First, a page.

From airline checklists to agricultural cooperative extension centers, those working to improve the health care system are taking and adapting enterprising improvement approaches developed in other industries. In South Central Pennsylvania (SCPA), the Aligning Forces for Quality alliance is taking advantage of its location in the “fast food capitol” to enlist manufacturing experts as quality improvement coaches in ambulatory practices. Rush Gross, an ex-Airman trained in lean process methodologies with previous stints at Frito-Lay and General Mills, serves as the coordinator for AF4Q–SCPA’s Planned Care Collaborative (Collaborative) where he and his team of practice coaches deploy into 16 local primary care practices to help improve the quality of care they provide.

Lean methodologies (or “lean” for short), best known as the processes responsible for the Toyota production system’s success, emphasize the quest to eliminate waste, improve quality, and drive down production costs. These principles of value have been adopted by top health care systems in the country, such as Denver Health and Virginia Mason in Seattle, WA.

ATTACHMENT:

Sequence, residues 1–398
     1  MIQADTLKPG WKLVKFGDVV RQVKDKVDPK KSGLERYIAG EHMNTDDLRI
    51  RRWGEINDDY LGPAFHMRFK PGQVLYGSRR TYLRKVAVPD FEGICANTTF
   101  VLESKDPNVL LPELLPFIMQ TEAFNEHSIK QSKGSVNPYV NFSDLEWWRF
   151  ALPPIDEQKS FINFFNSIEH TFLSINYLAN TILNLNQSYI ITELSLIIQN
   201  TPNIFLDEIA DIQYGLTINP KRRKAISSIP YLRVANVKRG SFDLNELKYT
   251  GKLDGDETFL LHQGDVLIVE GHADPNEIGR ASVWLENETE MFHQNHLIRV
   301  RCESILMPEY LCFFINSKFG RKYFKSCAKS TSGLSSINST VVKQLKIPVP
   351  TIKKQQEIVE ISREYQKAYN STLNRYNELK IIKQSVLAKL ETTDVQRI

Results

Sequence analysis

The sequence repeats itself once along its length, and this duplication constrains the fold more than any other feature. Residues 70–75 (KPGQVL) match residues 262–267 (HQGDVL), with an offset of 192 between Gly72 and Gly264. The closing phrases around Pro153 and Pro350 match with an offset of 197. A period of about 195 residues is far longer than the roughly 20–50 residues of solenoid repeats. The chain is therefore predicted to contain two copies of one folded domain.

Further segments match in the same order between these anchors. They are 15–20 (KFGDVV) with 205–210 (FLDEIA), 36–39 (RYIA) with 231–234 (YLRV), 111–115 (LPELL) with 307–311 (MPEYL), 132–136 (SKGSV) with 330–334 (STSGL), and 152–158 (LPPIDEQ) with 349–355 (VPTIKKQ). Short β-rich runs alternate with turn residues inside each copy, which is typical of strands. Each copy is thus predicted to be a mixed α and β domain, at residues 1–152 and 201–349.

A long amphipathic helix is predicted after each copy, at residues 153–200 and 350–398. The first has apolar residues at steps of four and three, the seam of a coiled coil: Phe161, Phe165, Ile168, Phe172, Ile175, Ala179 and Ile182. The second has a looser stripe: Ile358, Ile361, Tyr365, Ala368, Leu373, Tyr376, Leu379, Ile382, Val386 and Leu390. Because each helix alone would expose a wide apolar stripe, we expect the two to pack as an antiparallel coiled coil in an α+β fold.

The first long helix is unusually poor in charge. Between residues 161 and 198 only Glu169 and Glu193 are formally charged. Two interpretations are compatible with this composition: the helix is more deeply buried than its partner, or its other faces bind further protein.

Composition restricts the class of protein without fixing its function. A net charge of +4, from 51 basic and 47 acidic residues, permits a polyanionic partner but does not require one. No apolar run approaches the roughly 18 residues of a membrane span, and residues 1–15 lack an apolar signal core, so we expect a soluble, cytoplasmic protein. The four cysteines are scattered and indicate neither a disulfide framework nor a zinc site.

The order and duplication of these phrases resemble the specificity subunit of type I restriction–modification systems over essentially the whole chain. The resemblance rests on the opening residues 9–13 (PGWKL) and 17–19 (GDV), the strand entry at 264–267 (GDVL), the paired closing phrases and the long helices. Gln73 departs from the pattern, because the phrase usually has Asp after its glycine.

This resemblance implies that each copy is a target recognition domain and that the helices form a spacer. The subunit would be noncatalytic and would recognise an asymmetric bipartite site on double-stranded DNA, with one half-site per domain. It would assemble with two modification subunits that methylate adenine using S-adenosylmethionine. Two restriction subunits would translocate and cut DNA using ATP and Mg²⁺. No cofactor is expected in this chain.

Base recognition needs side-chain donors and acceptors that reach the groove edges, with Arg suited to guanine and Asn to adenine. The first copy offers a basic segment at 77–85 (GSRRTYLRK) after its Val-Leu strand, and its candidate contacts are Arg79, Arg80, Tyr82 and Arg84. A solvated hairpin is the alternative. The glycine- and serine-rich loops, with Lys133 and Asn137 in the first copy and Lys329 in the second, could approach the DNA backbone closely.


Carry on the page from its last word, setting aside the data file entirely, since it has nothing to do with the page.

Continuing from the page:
In SCPA, practice coaches in the Collaborative are using lean to help practices achieve patient-centered care. Coaches help practices collect and interpret quality data, identify and improvement goals, and test strategies and spread successful innovations. At Aspers Health Center, seven of eight diabetes process measures improved while the practice was in the Collaborative. Between May 2011 and March 2012, 24 more diabetes patients had their hA1c levels updated – increasing from 89 percent to 94 percent of all patients – and 44 more had current microalbumin tests – increasing from 76 percent to 89 percent. There was a 24 percent improvement in eye exams, but providing them to 45 percent of patients was still far from the goal of providing them to 90 percent of patients.

Practice coaches also work with practice leadership to remove waste from work flow. A review of one practice resulted in moving a refrigerator to a more central location to reduce the time it takes for nurses to retrieve vaccines. Saving this time allowed nurses more time with patients, particularly to review self-management techniques.